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How to make butterscotch sauce for all of your favorite fall desserts

Butterscotch sauce can be a delightful topping for so many things

Caramel/butterscotch in jar
Matt Diosdado/Unsplash / Unsplash

Depending on a few factors – mainly your age – butterscotch is one of those flavors that’s automatically associated with one of two things. Either warm and spiced comforting fall treats, enjoyed by the fire after an afternoon of jumping in crisp leaves. Or, linty gold-wrapped candies stuck to old coins in the bottom of our grandmothers’ handbags. Unfortunately, the latter – somehow always loudly and lengthily unwrapped during a reverently hushed church service – is too often how we think of this beautiful fall flavor. It’s time to change that.

What is butterscotch?

There’s often a bit of confusion as to the difference between butterscotch and its more popular cousin, caramel. While there are a number of factors that can be discussed here, from flavor additions to texture, the core difference is in the sugar. Caramel is made from granulated (white) sugar, while butterscotch is made from brown sugar. Both confections are made by cooking sugar down and adding cream, but butterscotch has a characteristic spiced flavor that caramel doesn’t. That flavor comes from the molasses in brown sugar, and makes butterscotch far richer and more complex on its own. Unlike caramel, whose subtle flavor pairs more easily with a wide array of ingredients.

How to make butterscotch

The beauty behind butterscotch (and caramel, for that matter) is also what can make it a bit intimidating or confusing to the home cook. Just a few simple ingredients can magically transform into anything from a light, sugared sauce to a chewy soft candy with only the difference in cooking time and temperature. Admittedly, it can be a finicky process, but if you know what to look for, making your own butterscotch is a relatively simple process.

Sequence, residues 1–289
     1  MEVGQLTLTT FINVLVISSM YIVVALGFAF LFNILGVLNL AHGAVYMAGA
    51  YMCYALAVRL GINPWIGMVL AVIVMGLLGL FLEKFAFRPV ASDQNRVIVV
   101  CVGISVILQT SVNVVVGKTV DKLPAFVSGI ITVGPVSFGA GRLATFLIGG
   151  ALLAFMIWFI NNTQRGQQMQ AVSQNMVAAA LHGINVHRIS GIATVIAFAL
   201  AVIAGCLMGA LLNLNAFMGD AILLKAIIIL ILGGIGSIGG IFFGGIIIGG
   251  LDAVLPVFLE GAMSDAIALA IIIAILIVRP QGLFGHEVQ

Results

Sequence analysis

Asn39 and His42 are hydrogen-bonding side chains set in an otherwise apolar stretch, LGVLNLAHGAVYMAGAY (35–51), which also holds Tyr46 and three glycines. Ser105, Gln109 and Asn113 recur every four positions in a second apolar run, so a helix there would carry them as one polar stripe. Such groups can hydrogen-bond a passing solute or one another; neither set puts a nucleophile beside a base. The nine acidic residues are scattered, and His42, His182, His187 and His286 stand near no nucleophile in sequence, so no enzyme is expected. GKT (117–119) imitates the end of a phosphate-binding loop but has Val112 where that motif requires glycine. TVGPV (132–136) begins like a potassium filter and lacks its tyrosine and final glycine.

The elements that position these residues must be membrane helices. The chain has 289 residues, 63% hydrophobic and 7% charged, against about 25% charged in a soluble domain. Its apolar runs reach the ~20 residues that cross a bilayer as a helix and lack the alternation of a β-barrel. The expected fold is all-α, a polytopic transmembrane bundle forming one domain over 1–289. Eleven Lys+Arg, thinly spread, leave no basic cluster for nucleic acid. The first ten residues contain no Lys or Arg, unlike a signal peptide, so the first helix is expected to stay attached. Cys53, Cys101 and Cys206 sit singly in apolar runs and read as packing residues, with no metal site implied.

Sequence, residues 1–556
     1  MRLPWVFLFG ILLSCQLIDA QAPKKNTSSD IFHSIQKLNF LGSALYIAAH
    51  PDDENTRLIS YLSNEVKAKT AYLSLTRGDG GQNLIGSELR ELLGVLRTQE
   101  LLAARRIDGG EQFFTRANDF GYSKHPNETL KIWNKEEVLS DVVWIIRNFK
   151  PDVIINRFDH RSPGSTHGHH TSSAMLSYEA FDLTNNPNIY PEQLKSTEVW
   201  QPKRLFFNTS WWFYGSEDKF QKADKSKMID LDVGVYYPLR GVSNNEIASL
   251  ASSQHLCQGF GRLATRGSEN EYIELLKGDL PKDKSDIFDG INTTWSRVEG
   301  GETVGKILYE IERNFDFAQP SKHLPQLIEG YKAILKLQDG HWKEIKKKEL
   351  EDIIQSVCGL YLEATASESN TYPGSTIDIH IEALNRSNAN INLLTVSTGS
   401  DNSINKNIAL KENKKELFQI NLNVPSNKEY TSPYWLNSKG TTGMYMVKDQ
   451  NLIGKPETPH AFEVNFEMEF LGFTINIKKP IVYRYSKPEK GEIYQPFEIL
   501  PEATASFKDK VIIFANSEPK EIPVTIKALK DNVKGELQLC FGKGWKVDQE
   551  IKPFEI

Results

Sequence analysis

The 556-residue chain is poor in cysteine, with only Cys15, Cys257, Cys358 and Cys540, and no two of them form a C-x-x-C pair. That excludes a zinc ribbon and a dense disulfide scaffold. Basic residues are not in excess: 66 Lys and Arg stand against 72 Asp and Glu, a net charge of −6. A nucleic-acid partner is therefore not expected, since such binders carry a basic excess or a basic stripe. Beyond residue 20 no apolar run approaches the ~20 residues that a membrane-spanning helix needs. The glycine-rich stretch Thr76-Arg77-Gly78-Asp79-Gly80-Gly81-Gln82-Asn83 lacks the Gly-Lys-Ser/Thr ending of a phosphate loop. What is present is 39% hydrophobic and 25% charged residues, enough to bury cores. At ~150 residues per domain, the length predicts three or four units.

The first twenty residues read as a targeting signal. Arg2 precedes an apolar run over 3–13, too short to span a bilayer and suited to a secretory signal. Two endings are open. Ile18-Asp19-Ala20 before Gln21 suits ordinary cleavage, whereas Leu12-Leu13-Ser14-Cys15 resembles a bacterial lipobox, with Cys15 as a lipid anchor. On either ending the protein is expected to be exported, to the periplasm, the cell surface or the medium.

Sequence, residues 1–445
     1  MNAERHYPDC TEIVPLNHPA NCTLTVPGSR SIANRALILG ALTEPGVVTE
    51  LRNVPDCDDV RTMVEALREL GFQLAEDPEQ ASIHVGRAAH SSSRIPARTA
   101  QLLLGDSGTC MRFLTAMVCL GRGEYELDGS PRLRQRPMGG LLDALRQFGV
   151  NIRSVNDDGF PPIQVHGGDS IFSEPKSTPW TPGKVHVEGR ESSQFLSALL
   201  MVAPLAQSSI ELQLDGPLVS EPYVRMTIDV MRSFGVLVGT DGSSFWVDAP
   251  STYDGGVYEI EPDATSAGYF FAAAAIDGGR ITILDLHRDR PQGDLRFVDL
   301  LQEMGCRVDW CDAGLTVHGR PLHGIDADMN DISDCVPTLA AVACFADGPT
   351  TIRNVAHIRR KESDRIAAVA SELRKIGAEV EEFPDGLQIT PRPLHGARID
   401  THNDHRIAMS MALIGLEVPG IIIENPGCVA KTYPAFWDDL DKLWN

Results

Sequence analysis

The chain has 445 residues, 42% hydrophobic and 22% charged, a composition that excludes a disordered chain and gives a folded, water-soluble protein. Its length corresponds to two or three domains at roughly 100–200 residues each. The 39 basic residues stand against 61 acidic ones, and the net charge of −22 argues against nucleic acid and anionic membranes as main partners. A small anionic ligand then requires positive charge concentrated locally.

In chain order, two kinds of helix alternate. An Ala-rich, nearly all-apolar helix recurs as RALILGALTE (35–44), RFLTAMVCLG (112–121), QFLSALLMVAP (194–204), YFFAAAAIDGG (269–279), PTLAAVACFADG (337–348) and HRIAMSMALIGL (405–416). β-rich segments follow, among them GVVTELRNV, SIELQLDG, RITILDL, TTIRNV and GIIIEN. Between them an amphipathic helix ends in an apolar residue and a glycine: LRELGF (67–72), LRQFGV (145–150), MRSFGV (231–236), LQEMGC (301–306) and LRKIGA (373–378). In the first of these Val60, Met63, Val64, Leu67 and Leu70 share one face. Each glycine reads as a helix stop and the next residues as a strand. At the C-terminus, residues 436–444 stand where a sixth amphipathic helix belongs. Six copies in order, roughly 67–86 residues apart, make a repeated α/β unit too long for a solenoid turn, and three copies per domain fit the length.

Perhaps the most simple (and delicious) butterscotch treat is that of this perfectly balanced, sweet and salty, gifted-from-the-gods butterscotch sauce. While not as mainstream as her rival, chocolate sauce, butterscotch sauce is our favorite this time of year for any number of treats. Give your favorite ice cream a generous pour, mix it into all of your favorite fall-themed coffee drinks and cocktails, or simply eat it with a spoon. It’s that good. We won’t judge.

Pancakes with caramel sauce

Butterscotch sauce recipe

This butterscotch recipe yields about one cup of sauce. If you have more willpower than we do and manage not to eat the entire cup in one sitting, you can store what’s left in an airtight container in the fridge for several weeks.


  • 4 tablespoons butter
  • 1/2 cup packed dark brown sugar
  • 1 teaspoon sea salt
  • 1/2 cup heavy cream
  • 2 teaspoons vanilla extract


  1. Over medium heat, melt butter in a medium-sized pan.
  2. When the butter is melted, add brown sugar, salt, and heavy cream to the pan, stirring to combine.
  3. Bring mixture to a boil, and boil for 4-5 minutes.
  4. Remove sauce from heat, and add vanilla.
Caramel milkshake
kim ick/Unsplash

Butterscotch sauce tips and tricks

  • This sauce will thicken as it cools, so don’t worry if it seems too runny after removing from the heat. If it looks thick enough to pour over ice cream when you remove it from the heat, you’ve probably gone too far. As it cools, you’ll end up with a thicker, candy-like product. Still delicious, but not great for pouring.
  • If it’s an adult-themed treat you’re after, you can spike your butterscotch syrup by adding your favorite liquor to the recipe. Simply stir in 1-2 tablespoons of whiskey or bourbon with the vanilla for a boozy kick to your sauce.
  • It’s very important to use a flake salt in this recipe. Flake salt has finer, more delicate crystals that dissolve instantly in hot caramel sauce, making for a smooth consistency and not overly-salty flavor.

Editors' Recommendations

Lindsay Parrill
Lindsay is a graduate of California Culinary Academy, Le Cordon Bleu, San Francisco, from where she holds a degree in…
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